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Posted July 22, 2011
In many Asian restaurants around my city (and probably yours) you will find the Lucky Cat, a figurine of a cat with it's paw raised in a wave. I've always wondered what it was about and my friends would always say that it brings luck.
I am Tama, Lucky Cat, tells the tale of the Lucky Cat. It is beautifully illustrated and the story itself is sweet and charming. It is based on the Maneki Neko, and illustrates one of the many stories of origin of the sculpture. It is a great way to understand the legend (or at least one of the many legends) behind the familiar icon.
This is a very quick read for parents and children to read together. I would recommend it for all children, especially as a tool for broadening cultural boundaries.
Posted June 6, 2011
I Am Tama, Lucky Cat is based on a Japanese legend and it reads like a fable. Tama arrives at a temple looking for food and shelter. What she finds is a poor monk willing to share the few things he has. Tama feels like a lucky cat for having found this master and his broken temple. They share everything and Tama helps by keeping their small food supply free from mice and warming her master with her fur coat. The monk feels blessed, having been found by a rare black and orange colored Japanese Bobcat.
During a storm, Tama inexplicably runs out of their beat up shelter. The place needed a major overhaul. The monk calls her back but Tama sits at the gate of the temple and washes her face. According to Japanese lore, a cat washing her face is foreshadowing the arrival of visitors. Soon, a samurai warrior, riding a white, steed arrives at the temple looking for shelter. Upon seeing the shape of the temple, the warrior decides to take shelter under one of the blooming cherry trees. Soon he sees Tama with her right paw up in her sign of welcome and the warrior leaves the tree to see her. As he gets to the temple gate, a lightning bolt hits the tree he had staken shelter under.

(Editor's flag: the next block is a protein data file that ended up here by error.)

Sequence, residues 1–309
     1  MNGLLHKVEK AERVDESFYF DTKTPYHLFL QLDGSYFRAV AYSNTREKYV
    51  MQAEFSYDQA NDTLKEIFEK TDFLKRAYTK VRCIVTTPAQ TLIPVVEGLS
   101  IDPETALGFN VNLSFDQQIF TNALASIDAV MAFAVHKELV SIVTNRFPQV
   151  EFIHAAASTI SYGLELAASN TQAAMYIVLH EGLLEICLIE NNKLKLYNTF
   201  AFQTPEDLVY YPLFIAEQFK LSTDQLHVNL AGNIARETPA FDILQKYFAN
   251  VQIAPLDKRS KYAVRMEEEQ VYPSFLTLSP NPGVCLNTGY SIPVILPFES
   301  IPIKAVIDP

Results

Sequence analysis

The warrior believes Tama to be a lucky cat; she saved his live and the life of his horse. Forever grateful the warrior fixes the temple bringing it back to its former glory. He makes sure the monk and Tama never want for another thing. The warrior also brings in new people to worship at the temple. Tama is truly a lucky cat for the warrior and for the monk and his temple.
The cat with its right paw held up is a common symbol in Japan. Many Japanese businesses will have such a cat figurine to beckon customers inside. The legend of the Beckoning Cat, called Maneki Neko in Japanese, is more than a legend. In Japan, there is a place called The Beckoning Cat Temple, which bears a gravestone and a shrine to the lucky cat. Also buried there is the warlord who was the real warrior in the story.
The illustrations have an oriental look and feel. The portrait of the lightning striking is magnificent. It looks more like a museum piece than an illustration for a children's book. That page alone is worth getting the book. This is a well-written story from the cat's point of view. It is a fast read and could easily become your child's favorite nighttime story.
Note: received from netgalley, courtesy of the publisher
Posted April 10, 2011
Wendy Henrichs has elegantly captured one of the possible origins of Maneki Neko, the Japanese waving cat, in I Am Tama, Lucky Cat: A Japanese Legend. This poignant tale, told with a light lyrical prose and combined with Yoshiko Jaeggi's beautiful watercolors, creates a lovely picture book to enjoy with children. While I've often seen Japanese waving cats, I've never realized the signifigance behind the story. Children and parents alike will appreciate that even someone small can make a great difference.
Disclaimer: A copy of the book was provided by Peachtree Publishers.